The Lyme-disease infection rate is growing. So is the battle over how to treat it
The disease is carried by the black-legged tick, now found as far south as Florida. Photograph by Kenji Aoki.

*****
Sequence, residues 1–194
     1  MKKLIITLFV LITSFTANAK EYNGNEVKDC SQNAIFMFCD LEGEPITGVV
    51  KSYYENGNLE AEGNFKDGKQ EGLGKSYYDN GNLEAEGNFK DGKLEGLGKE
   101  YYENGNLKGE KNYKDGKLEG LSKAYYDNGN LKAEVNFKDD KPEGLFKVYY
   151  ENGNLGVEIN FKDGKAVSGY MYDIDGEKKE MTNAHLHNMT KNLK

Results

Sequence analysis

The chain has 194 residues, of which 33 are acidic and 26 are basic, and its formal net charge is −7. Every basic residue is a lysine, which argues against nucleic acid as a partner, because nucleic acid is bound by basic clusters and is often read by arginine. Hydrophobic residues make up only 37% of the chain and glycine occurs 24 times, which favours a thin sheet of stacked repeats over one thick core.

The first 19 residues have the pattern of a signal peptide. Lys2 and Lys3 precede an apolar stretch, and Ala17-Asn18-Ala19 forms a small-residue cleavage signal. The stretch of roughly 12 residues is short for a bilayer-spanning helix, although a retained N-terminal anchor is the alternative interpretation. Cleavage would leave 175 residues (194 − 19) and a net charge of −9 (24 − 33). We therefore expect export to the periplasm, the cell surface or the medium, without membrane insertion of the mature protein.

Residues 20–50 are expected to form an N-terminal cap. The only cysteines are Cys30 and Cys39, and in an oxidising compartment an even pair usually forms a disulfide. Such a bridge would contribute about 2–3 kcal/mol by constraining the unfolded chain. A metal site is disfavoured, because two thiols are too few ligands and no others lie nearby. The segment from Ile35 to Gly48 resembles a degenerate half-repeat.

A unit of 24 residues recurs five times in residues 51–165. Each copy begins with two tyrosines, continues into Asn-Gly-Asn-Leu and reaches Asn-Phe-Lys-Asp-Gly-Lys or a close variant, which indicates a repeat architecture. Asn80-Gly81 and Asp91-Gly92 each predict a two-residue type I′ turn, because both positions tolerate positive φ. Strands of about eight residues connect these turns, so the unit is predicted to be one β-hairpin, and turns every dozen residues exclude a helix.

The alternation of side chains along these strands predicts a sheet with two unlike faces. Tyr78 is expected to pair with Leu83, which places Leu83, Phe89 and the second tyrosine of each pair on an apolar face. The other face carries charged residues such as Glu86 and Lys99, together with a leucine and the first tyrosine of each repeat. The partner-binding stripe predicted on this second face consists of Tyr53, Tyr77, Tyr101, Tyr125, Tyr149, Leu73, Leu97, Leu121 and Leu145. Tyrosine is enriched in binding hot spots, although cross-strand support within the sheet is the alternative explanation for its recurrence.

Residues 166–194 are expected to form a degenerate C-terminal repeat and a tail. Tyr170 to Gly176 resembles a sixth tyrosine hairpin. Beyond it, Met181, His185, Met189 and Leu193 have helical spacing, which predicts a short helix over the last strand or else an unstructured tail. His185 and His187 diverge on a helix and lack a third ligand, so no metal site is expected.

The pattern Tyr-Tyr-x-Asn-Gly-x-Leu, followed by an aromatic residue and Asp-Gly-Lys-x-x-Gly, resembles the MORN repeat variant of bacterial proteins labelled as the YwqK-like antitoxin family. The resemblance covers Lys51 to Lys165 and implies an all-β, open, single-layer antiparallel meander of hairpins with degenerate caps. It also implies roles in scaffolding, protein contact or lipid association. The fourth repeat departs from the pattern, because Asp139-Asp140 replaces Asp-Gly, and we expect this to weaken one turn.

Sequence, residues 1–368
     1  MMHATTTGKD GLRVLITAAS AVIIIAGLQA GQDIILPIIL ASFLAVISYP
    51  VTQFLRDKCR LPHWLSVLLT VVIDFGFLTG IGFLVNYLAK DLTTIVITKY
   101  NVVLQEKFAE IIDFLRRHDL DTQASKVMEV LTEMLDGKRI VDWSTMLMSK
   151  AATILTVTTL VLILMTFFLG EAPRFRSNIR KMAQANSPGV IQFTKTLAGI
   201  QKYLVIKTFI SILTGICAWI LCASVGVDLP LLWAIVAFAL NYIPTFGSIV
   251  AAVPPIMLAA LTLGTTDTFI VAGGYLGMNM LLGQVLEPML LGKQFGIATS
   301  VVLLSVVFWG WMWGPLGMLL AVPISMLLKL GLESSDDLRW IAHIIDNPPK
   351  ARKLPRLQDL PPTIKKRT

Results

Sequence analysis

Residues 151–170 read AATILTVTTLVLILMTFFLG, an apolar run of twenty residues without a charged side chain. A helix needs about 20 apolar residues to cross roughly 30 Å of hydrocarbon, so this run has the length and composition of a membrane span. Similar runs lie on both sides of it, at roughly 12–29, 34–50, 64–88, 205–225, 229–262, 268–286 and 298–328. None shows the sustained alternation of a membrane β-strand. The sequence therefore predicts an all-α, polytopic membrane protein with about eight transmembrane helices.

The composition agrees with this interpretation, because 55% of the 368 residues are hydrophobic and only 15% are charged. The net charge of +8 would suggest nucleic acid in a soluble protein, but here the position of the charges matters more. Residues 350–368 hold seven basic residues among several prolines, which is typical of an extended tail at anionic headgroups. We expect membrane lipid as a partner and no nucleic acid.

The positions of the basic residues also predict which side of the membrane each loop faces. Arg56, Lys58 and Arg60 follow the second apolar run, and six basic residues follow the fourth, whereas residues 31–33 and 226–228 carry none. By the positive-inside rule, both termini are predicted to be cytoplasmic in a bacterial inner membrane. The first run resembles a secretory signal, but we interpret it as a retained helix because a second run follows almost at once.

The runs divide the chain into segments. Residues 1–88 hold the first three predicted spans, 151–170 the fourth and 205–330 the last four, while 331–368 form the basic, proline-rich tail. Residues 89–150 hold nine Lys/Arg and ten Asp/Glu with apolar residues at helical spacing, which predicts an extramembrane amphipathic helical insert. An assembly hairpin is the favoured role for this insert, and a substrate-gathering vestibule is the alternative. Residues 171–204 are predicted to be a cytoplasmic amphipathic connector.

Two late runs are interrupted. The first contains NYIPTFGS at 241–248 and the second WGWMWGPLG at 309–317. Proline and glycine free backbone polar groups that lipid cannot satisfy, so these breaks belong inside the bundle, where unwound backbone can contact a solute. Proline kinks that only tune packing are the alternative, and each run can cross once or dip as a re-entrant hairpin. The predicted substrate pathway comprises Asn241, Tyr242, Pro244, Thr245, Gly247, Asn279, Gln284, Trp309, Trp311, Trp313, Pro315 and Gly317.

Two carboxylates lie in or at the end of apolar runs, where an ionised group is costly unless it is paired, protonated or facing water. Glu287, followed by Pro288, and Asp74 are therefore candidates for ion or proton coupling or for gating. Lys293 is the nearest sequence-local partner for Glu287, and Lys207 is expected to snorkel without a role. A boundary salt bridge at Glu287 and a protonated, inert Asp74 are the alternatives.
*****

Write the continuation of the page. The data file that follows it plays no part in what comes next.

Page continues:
Kaleigh Ahern was twelve years old when a tick bit her. She noticed it “perched” on her shoulder when she was taking a shower one morning. “I thought it was your average, everyday bug,” Ahern told me recently. But, when she tried to brush it off, the tick wouldn’t budge. “The legs wiggled but it was embedded in my skin. I freaked out and started screaming.” Kaleigh’s mother, Holly Ahern, came running and removed it. “I took the kid and the tick to the doctor,” she said. “I told him, Here is my kid, here is the tick, and there is the place where it was attached to her.” That was in 2002. The Aherns live near Saratoga Springs, New York, where Lyme disease has been endemic for years. The infection is transmitted by tick bites, so Ahern assumed that the doctor would prescribe a prophylactic dose of antibiotics. But he said that he wasn’t going to treat it. “If a rash develops or she starts to have flulike symptoms, bring her back,” he told her. At the time, Ahern, an associate professor of microbiology at SUNY Adirondack, didn’t know much about tick-borne illnesses. She took Kaleigh home and watched for the signature symptom of Lyme disease: a rash that begins with a bright-red bull’s-eye around the tick bite.
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